His spiritual leadership helped his fellow countrymen survive disasters that included the capture of Jerusalem by the Babylonians and the exile of many Judaeans to Babylonia.
Jeremiah was born and grew up in the village of Anathoth, a few miles northeast of Jerusalem, in a priestly family. In his childhood, he must have learned some of the traditions of his people, particularly the prophecies of Hosea, whose influence can be seen in his early messages.
The era in which Jeremiah lived was one of transition for the ancient Near East. The Assyrian empire, which had been dominant for two centuries, declined and fell. Its capital, Nineveh, was captured by the Babylonians and Medes. Egypt had a brief period of resurgence but did not prove strong enough to establish an empire.
The new world power was the Neo-Babylonian empire, ruled by a Chaldean dynasty whose best-known king was Nebuchadrezzar. The small and comparatively insignificant state of Judah had been a vassal of Assyria and, when Assyria declined, asserted its independence for a short time. Subsequently, Judah vacillated its allegiance between Babylonia and Egypt and ultimately became a province of the Neo-Babylonian empire.
Jeremiah began his prophetic career during King Josiah’s reign. It is told there that he responded to Yahweh’s (God’s) call to prophesy by protesting “I do not know how to speak, for I am only a youth,” but he received Yahweh’s assurance that he would put his own words into Jeremiah’s mouth and make him a “prophet to the nations.”
Jeremiah’s early messages to the people were condemnations of them for their false worship and social injustice, with a summons to repentance. He proclaimed the coming of a foe from the north, symbolized by a boiling pot facing from the north in one of his visions, that would cause great destruction.
One year, King Josiah instituted far-reaching reforms based upon a book discovered in the Temple of Jerusalem in the course of building repairs, which was probably Deuteronomy or some part of it.
Josiah’s reforms included the purification of worship from pagan practices, the centralization of all sacrificial rites in the Temple of Jerusalem, and perhaps an effort to establish social justice following principles of earlier prophets (this program constituted what has been called “the Deuteronomic reforms”).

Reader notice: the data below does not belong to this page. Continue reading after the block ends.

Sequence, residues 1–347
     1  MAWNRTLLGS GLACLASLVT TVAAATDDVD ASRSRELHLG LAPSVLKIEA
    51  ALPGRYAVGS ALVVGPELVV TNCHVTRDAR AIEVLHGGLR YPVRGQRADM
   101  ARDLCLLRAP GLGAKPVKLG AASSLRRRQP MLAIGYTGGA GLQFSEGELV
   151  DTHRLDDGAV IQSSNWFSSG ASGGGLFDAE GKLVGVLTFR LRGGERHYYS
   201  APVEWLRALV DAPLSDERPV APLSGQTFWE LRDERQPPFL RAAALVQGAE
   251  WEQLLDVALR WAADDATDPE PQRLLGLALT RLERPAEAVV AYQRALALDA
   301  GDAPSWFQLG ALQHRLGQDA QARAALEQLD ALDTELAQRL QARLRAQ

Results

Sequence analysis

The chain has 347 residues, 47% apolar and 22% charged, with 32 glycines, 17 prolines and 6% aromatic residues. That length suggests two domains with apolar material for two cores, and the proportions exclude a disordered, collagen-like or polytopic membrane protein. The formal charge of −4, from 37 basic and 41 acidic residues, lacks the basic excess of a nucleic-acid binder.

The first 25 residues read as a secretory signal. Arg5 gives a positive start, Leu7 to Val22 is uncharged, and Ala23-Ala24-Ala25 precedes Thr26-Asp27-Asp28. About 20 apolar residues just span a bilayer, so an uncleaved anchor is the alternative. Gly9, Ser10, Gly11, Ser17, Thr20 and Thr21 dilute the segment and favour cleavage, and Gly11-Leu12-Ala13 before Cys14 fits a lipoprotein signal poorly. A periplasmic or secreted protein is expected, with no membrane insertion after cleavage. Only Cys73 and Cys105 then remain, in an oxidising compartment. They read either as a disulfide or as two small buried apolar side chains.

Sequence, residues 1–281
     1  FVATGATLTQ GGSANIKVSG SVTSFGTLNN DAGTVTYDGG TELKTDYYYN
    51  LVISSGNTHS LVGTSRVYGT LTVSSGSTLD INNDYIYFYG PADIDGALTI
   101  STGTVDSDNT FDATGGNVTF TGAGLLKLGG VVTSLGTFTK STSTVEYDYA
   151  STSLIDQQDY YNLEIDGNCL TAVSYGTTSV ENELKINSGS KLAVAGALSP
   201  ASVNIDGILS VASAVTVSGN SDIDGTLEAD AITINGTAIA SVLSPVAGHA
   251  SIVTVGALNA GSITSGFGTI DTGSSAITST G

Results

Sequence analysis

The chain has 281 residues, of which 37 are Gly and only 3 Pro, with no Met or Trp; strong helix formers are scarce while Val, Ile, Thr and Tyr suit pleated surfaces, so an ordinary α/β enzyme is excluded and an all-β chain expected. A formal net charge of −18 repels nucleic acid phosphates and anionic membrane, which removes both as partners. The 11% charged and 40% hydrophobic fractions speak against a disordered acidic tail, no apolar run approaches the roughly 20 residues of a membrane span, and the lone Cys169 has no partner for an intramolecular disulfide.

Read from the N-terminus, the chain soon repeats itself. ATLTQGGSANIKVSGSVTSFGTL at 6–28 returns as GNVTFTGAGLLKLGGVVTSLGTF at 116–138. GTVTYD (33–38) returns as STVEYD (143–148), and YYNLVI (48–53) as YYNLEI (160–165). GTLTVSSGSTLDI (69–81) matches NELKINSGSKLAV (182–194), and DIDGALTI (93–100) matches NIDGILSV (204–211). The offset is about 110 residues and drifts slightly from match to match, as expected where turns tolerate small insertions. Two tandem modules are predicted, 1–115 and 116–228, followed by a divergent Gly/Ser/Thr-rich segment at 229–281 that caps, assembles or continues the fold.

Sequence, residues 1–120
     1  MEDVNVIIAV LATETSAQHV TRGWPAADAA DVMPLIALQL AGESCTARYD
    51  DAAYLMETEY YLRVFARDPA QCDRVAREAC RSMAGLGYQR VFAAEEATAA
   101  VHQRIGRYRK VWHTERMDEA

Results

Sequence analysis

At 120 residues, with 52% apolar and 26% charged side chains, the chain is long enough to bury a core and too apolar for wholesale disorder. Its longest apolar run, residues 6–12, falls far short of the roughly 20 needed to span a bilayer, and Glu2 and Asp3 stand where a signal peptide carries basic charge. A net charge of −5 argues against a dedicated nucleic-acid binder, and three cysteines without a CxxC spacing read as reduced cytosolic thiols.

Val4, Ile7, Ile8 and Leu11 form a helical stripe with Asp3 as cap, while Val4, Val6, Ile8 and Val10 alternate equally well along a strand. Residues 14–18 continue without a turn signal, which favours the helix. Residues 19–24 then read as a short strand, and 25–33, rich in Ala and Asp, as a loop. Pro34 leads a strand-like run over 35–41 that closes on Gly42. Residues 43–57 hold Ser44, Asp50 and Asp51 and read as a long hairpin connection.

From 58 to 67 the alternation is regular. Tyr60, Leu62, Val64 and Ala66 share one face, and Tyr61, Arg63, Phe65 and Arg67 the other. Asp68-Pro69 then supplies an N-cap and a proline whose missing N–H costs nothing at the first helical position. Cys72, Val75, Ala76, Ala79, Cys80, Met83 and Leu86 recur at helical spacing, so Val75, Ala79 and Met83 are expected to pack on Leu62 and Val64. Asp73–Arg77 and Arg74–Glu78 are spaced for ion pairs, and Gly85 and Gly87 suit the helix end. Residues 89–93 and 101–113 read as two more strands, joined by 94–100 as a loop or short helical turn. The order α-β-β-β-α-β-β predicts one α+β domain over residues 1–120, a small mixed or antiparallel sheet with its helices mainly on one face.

Jeremiah 1:5 – “Before I formed you in the womb I knew you, before you were born I set you apart; I appointed you as a prophet to the nations.”
Jeremiah 2:4 – “Hear the word of the Lord, O house of Jacob, and all the families of the house of Israel.”
Jeremiah 17:9 – “The heart is deceitful above all things and beyond cure. Who can understand it?”
Jeremiah 29:10-11 – “This is what the LORD says: ‘When seventy years are completed for Babylon, I will come to you and fulfill my gracious promise to bring you back to this place. For I know the plans I have for you,’ declares the LORD, ‘plans to prosper you and not to harm you, plans to give you hope and a future.’”
Jeremiah 31:31 – “‘Behold, days are coming,’ declares the Lord, ‘when I will make a new covenant with the house of Israel and with the house of Judah,’”
Jeremiah 33:3 – “Call to me and I will answer you and tell you great and unsearchable things you do not know.”
Jeremiah 52:12-13 – “On the tenth day of the fifth month, in the nineteenth year of Nebuchadnezzar king of Babylon, Nebuzaradan commander of the imperial guard, who served the king of Babylon, came to Jerusalem. He set fire to the temple of the LORD, the royal palace, and all the houses of Jerusalem. Every important building he burned down.”
Several passages in Jeremiah can be understood as “confessions”: they occur in the first section of the book (chapters 1–25) and are generally identified as Jeremiah 11:18–12.6, 15:10–21, 17:14–18, 18:18–23, and 20:7–18. In these five passages, Jeremiah expresses his discontent with the message he is to deliver, but also his steadfast commitment to the divine call despite the fact that he had not sought it out. Additionally, in several of these “confessions,” Jeremiah prays that the Lord will take revenge on his persecutors (for example, Jeremiah 12:3).
Jeremiah's “confessions” are a type of individual lament. Such laments are found elsewhere in the psalms and the Book of Job. Like Job, Jeremiah curses the day of his birth (Jeremiah 20:14–18 and Job 3:3–10). Likewise, Jeremiah's exclamation “For I hear the whispering of many: Terror is all around!” matches Psalm 31:13 exactly.
However, Jeremiah's laments are made unique by his insistence that he has been called by Yahweh to deliver his messages. These laments “provide a unique look at the prophet's inner struggle with faith, persecution, and human suffering.”
Jeremiah’s most important prophecy is that Yahweh would make a covenant with Israel, superseding the old Mosaic Covenant; Yahweh would write his law upon the hearts of men (rather than on tables of stone), and all would know God directly and receive his forgiveness (Jeremiah 31:31–34).
According to Jeremiah 1:2–3, the LORD called Jeremiah to prophesy about five years before Josiah king of Judah turned the nation toward repentance from idolatrous practices.